Why are they out of order to the views recorded on this forum? Surely if it is A B C D star then the next easiest is E followed by F not the other way round.

Marvin

 

It's a fair point Marvin.

I've always thought the received wisdom is that E is easier than F..however, E is somewhat fainter than F (see below), so you would think F would be easier to see?

I think though that the seeing is the key factor, although transparency is also important: when I can see both E and F, the F star can seem to be slightly fainter than E.. but now and again, if the transparency is good, but the seeing is not great, I can see F but not E..                                                                                                            Here, it gets a bit confusing, as the A star is NOT the brightest of the A-B-C -D Trapezium four: actually, the C component is about a magnitude brighter than A: now, since the F star is close to the brightest C star and E is close to the fainter A star, then F can get lost in the glare of the bright C star  ( rather as The Pup companion of Sirius can easily be list in the glare of Sirius itself), when the atmosphere is more unsteady or turbulent, whereas E, being close to the fainter A component can more often be glimpsed when F cannot.                                                                        I found this on the net, which may help..  (credit: Astropix com, my italics and bold type ref seeing, optical quality and skill) -                                                      

"The four brightest stars in the Trapezium (A, B, C and D) are easily visible in a four-inch telescope with decent optical quality under good seeing conditions. They range in brightness from about magnitude 5 to magnitude 8. All are hot class O and B stars.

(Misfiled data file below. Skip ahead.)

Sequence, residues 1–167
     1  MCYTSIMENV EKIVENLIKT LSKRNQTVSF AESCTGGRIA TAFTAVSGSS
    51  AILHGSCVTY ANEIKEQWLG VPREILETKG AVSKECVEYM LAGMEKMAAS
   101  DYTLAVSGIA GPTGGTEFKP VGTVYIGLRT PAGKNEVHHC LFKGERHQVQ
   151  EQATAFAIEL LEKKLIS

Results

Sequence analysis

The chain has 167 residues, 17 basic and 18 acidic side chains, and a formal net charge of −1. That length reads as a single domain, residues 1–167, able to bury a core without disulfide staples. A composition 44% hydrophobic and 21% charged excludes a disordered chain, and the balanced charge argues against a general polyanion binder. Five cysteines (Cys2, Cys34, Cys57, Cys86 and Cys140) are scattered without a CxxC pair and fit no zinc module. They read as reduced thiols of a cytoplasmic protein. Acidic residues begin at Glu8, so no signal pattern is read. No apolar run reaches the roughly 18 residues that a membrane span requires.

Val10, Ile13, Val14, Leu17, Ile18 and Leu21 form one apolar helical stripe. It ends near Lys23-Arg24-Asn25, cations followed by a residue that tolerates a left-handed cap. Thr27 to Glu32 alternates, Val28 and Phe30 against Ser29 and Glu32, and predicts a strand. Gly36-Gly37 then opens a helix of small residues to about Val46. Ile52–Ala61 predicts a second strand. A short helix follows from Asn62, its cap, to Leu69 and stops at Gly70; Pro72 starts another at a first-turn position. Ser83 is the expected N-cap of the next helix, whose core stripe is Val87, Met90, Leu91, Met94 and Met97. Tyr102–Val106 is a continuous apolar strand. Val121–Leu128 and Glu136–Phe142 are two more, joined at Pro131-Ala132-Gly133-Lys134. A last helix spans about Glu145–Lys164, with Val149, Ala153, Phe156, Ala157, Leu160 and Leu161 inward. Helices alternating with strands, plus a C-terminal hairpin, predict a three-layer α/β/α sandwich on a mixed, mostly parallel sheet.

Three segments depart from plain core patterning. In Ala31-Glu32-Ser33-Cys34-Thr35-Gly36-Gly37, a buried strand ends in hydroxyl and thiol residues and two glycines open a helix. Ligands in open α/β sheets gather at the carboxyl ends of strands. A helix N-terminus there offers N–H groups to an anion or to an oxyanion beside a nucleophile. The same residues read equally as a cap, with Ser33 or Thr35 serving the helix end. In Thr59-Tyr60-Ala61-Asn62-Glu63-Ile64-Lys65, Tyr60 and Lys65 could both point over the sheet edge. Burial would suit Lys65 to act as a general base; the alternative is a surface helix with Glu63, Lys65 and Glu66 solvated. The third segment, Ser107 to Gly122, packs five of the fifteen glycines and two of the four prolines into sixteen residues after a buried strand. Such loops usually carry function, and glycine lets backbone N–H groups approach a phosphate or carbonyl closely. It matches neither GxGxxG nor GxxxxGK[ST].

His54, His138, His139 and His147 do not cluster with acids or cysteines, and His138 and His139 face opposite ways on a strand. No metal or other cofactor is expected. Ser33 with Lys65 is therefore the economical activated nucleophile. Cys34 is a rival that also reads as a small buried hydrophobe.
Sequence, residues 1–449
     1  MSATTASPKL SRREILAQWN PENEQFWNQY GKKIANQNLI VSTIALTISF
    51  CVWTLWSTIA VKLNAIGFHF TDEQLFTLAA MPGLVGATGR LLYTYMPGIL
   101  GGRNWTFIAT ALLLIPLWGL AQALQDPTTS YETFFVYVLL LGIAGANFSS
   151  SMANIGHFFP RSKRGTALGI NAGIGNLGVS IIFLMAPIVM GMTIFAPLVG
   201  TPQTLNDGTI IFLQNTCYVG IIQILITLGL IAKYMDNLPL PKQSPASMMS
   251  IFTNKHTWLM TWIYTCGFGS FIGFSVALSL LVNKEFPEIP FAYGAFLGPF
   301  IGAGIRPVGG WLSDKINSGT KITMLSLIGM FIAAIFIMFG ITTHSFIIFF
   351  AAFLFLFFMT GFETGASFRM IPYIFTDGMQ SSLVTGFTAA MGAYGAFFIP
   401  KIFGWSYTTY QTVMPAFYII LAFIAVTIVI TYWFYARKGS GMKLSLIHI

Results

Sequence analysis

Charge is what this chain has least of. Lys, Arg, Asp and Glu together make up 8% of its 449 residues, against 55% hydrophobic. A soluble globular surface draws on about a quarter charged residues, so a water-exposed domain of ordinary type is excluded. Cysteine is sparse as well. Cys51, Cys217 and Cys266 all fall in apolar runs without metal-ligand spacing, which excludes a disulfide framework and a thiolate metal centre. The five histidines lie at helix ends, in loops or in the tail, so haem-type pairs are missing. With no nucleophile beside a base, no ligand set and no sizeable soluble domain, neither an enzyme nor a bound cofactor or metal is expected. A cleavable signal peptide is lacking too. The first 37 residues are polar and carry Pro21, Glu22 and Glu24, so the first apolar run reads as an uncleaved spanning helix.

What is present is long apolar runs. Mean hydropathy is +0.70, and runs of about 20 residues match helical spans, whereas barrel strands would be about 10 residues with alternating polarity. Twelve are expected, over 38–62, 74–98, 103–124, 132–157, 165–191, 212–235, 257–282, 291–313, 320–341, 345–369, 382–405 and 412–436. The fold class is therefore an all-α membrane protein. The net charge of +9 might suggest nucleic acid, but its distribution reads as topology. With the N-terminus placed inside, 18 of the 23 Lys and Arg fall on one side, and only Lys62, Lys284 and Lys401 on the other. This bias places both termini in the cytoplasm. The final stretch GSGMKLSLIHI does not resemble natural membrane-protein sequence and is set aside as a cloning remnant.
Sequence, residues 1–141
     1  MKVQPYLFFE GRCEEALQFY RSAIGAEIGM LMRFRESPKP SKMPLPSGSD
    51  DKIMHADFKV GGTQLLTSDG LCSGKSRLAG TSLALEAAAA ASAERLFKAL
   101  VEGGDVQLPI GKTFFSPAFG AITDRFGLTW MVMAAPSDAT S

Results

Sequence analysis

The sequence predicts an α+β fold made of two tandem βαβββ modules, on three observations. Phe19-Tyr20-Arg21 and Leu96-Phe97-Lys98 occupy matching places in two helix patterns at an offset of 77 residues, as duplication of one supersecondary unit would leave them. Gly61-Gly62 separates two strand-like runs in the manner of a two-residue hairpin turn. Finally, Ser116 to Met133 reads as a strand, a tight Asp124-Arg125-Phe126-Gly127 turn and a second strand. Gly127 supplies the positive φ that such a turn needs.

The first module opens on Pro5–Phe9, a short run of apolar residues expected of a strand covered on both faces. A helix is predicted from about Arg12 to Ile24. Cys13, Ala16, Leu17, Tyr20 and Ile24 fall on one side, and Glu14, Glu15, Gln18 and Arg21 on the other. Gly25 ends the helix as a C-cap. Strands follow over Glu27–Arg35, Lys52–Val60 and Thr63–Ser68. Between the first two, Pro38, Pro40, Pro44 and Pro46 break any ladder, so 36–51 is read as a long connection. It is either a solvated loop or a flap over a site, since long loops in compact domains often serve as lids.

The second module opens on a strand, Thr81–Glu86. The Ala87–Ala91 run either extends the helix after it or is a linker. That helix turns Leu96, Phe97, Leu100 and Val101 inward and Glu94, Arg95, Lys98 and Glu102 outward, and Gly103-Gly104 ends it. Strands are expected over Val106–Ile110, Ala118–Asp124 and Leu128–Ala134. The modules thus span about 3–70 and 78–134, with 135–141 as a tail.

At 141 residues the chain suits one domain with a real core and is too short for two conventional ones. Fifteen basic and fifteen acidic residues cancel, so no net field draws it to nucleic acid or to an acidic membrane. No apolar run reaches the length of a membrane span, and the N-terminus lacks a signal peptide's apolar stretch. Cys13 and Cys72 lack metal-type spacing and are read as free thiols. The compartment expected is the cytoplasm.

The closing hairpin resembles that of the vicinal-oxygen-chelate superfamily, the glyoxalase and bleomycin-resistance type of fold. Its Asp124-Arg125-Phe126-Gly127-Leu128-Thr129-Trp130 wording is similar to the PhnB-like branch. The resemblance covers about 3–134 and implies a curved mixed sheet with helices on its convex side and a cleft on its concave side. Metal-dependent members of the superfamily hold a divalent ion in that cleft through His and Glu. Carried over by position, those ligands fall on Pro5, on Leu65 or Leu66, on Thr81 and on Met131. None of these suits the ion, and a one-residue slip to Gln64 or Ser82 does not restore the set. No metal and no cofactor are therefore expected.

With more magnification and good seeing conditions, two fainter stars, E (mag 11.1) and F (mag 10.12) can also easily be seen in moderately sized amateur instruments. These stars are part of the Trapezium's multiple-star system. Because of their proximity to the much brighter stars in the Trapezium, their visibility in a telescope is more dependent on good seeing, optical quality, and observer skill.

Three other faint stars, G, H and I are also part of the system, but are too faint to be seen except in very large amateur instruments. Other fainter stars are also involved in the system.

Many of these stars are themselves binary and multiple star systems.

Trapezium

θ Orionis - The Trapezium Multiple Star System

Star

Magnitude

Notes

A

6.72 - 7.65

Eclipsing Binary in 3-star system

B

7.9 - 8.65

Eclipsing Binary in 5-star system

C

5.13

Spectroscopic binary star

D

6.71

Double star

E

11.1

Spectroscopic binary star

F

10.12

Binary star

I hope that makes sense🙃😊.

Dave

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24 minutes ago, Marvin Jenkins said:

But why is E and F reported the wrong way round alphabetically? Besides I have been to Melbourne, a huge light polluted city. Very nice though and I did enjoy the botanical gardens and war museum.

I bet a two hour trip into the country side must give you some great skies. But we are deviating. Back to E and F in the northern hemisphere.

M

I don't see that it is. I find E easier than F, so that makes some sense. What doesn't make sense is that F is slightly brighter than E (10.2 vs 10.3) so for that reason they seem a bit out of sorts, but then A to D are not in brightness order so that doesn't help either! They seem to be in order West to East..  

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34 minutes ago, Geoff Barnes said:

Come down here for a holiday folks, you'll all see E & F easy peasy! 😀

How are you fixed next July Geoff??😁😎

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8 minutes ago, John said:

Uneven brightness between components of a binary system makes them harder to split even if the separation between is relatively unchallenging. Sirius A and B being the most extreme example.

John, you posted just before me! Well put!👍😊

Dave

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1 hour ago, Saganite said:

I will have to look you up Geoff next time I am there in Melbourne, visiting my Daughter and her family. I have been several times now and made do with my bins , which was pretty good. The last time we all rented a house in Daylesford for a holiday and the night sky there just blew me away.

Be good to catch up @Saganite

Just PM me when you're out here! :)

1 hour ago, F15Rules said:

How are you fixed next July Geoff??😁😎

Hi Dave, should be here. It will be mid winter, so no Orion visible, but darker skies and lots of southern goodies to see!

Give me a hoy if you're coming out. :)